The Bell Jar LP

The Bell Jar LP Author Sylvia Plath
ISBN-10 0060573090
Release 2003-09-23
Pages 416
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The Bell Jar chronicles the breakdown of the brilliant, beautiful, enormously talented, and successful Esther Greenwood, a woman slowly going under -- maybe for the last time. Sylvia Plath masterfully draws the reader into Esther's demise with such intensity that the character's insanity becomes completely real, even rational -- as probable and accessible an experience as going to the movies. Such deep penetration into the dark and harrowing corners of the psyche is an extraordinary accomplishment and has made The Bell Jar a haunting American classic.



The Bell Jar by Sylvia Plath

The Bell Jar  by Sylvia Plath Author Janet McCann
ISBN-10 1587658364
Release 2011
Pages 403
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The Bell Jar is a highly distinctive and unusual book, and although the era of the 1950's it represents has faded and disappeared into history, the power of this novel does not dissipate. The original essays in this volume each take on a specific angle from which to examine the work. One essay discusses the issue of nature vs. nurture in the novel, while another discusses the similarities between Plath's work and Susanna Kaysen's Girl, Interrupted. The older essays provide some of the finest scholarship on The Bell Jar that has been made available over the years, and offer a wide variety of critical approaches to this work.



Sylvia Plath s The Bell Jar

Sylvia Plath s The Bell Jar Author Harold Bloom
ISBN-10 9781604132038
Release 2009-01-01
Pages 175
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An overview of the novel features a biographical sketch of the American author, a list of characters, a summary of the plot, and critical and analytical views of the work.



The bell jar a novel of the fifties

The bell jar  a novel of the fifties Author Linda Wagner-Martin
ISBN-10 0805780912
Release 1992-07-01
Pages 114
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Though her life was brief, the American poet and novelist Sylvia Plath (1932-63) exerted a profound influence on contemporary writers, particularly women writers of the sixties and seventies. Just as to her Pulitzer Prize-winning poetry Plath brought a decidedly feminist perspective, so too did she etch in her novel The Bell Jar a disturbing vision of life for young women in America at midcentury. The Bell Jar - based on Plath's own experiences as a student at Smith College, an intern at Mademoiselle, and a young woman battling for her own sanity amid societal mores of the times - was initially published in England under a pseudonym, its American publication stifled for years by the writer's family. When, however, the 1963 novel was finally released to U.S. audiences in 1971, it achieved both critical and popular success, and has since become a classic of feminist literature and a unique vehicle for better appreciating Plath's gifts. It is through a multifaceted lens that Linda Wagner-Martin examines The Bell Jar in this new study. Whereas past critical attention has centered on The Bell Jar as autobiography, Wagner-Martin transcends that approach, looking as well at the novel in its larger context of the social and historical forces shaping women's lives in America during the fifties and sixties. Thus eschewing a simplistic reading of the novel, the author plumbs issues of gender, genre, and narrative voice. Arguing that Plath's troubled personal history was the product of her struggle against contemporary social forces, Wagner-Martin reviews the writer's prior work and inspects earlier, partial versions of the novel; explores Plath's use of humor and sarcasm; traces the writer's representation of patriarchal structures in the novel; and ultimately places the novel squarely in the tradition of works about women at odds with a society dominated by patriarchal values. A brilliantly argued, eminently readable approach to this masterpiece, The Bell Jar: A Novel of the Fifties is certain to be lauded by scholars and students alike.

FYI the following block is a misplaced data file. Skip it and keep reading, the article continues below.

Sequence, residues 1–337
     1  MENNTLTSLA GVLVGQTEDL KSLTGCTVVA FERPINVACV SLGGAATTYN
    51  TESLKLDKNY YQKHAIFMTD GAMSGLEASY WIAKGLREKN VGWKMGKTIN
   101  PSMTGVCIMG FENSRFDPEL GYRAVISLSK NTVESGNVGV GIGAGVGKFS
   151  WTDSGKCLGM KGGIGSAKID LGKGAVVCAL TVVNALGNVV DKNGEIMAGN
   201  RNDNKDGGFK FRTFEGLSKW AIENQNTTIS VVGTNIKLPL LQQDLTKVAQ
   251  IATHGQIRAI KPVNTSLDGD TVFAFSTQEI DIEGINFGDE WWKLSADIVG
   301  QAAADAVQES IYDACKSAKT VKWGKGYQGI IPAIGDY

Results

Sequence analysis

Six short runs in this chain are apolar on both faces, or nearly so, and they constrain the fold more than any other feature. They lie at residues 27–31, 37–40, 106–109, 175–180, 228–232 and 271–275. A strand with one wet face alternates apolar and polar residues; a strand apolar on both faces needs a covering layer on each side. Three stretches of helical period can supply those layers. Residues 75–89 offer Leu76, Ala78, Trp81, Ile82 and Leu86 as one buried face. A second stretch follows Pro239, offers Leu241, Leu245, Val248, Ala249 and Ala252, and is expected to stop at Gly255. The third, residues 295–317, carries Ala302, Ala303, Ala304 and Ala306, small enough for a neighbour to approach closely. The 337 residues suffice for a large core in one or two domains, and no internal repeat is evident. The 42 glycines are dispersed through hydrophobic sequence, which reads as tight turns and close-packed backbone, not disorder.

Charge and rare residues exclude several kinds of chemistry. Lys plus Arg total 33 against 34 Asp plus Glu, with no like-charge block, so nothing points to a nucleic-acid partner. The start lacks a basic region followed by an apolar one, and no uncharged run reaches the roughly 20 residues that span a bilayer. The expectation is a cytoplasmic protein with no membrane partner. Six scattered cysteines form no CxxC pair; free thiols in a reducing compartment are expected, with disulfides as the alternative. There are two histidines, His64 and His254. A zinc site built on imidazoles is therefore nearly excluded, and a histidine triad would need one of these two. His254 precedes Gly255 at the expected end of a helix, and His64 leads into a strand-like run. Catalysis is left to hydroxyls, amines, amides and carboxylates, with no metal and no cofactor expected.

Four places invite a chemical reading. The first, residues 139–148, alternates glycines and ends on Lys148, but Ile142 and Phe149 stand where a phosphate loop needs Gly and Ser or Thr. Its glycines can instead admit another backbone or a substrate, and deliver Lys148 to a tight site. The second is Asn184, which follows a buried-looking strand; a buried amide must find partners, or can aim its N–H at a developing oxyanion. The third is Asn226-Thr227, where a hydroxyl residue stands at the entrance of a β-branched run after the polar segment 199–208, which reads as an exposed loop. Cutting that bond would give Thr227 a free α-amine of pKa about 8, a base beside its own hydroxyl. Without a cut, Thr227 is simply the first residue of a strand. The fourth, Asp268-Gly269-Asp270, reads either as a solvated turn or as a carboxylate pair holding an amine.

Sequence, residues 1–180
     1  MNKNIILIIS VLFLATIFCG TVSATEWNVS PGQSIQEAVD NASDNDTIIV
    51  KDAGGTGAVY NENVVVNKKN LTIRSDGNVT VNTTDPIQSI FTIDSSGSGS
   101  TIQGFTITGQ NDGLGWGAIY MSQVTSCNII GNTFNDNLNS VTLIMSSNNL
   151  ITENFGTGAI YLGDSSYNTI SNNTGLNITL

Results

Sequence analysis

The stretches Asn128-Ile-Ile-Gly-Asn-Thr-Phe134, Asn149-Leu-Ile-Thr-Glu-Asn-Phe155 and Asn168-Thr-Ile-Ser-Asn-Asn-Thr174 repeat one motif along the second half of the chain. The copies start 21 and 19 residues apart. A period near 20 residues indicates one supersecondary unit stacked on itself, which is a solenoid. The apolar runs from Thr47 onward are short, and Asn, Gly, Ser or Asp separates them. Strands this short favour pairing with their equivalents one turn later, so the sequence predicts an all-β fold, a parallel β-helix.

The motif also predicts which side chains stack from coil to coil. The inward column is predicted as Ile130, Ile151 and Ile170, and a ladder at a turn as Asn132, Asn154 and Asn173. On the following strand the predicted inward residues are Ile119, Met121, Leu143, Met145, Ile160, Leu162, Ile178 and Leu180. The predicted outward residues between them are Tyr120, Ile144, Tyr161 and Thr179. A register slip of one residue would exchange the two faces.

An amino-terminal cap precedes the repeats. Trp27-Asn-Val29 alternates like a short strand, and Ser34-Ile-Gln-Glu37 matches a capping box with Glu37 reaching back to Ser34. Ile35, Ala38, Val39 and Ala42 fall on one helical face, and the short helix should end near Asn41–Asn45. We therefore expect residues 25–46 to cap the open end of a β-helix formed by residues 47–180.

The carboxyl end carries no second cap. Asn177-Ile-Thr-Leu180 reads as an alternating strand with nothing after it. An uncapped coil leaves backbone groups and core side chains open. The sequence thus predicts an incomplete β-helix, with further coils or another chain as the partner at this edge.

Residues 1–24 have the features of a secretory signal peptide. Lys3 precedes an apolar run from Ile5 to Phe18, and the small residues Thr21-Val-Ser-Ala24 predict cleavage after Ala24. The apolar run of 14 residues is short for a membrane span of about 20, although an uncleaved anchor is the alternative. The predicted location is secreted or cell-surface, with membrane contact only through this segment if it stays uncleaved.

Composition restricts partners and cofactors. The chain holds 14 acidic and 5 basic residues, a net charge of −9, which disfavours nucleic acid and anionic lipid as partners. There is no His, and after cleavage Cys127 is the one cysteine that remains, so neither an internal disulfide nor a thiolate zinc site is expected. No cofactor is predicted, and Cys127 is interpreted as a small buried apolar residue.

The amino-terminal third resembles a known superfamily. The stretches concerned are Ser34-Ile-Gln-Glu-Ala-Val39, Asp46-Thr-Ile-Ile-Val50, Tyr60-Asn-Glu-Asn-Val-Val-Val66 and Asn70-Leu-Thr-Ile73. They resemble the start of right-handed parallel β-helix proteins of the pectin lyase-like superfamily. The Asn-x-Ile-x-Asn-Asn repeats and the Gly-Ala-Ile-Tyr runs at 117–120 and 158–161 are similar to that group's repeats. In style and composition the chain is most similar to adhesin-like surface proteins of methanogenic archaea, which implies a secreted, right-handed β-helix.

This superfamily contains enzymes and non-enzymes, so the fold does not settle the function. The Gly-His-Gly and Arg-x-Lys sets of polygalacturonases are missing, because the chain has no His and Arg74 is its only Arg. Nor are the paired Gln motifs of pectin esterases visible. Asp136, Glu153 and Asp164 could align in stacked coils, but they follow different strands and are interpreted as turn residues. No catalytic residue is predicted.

A Study Guide for Sylvia Plath s The Bell Jar

A Study Guide for Sylvia Plath s The Bell Jar Author Gale, Cengage Learning
ISBN-10 9781410335494
Release 2015-09-15
Pages 15
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A Study Guide for Sylvia Plath's "The Bell Jar," excerpted from Gale's acclaimed Novels for Students.This concise study guide includes plot summary; character analysis; author biography; study questions; historical context; suggestions for further reading; and much more. For any literature project, trust Novels for Students for all of your research needs.



The Bell Jar

The Bell Jar Author Sylvia Plath
ISBN-10 0060174900
Release 1996-08-30
Pages 320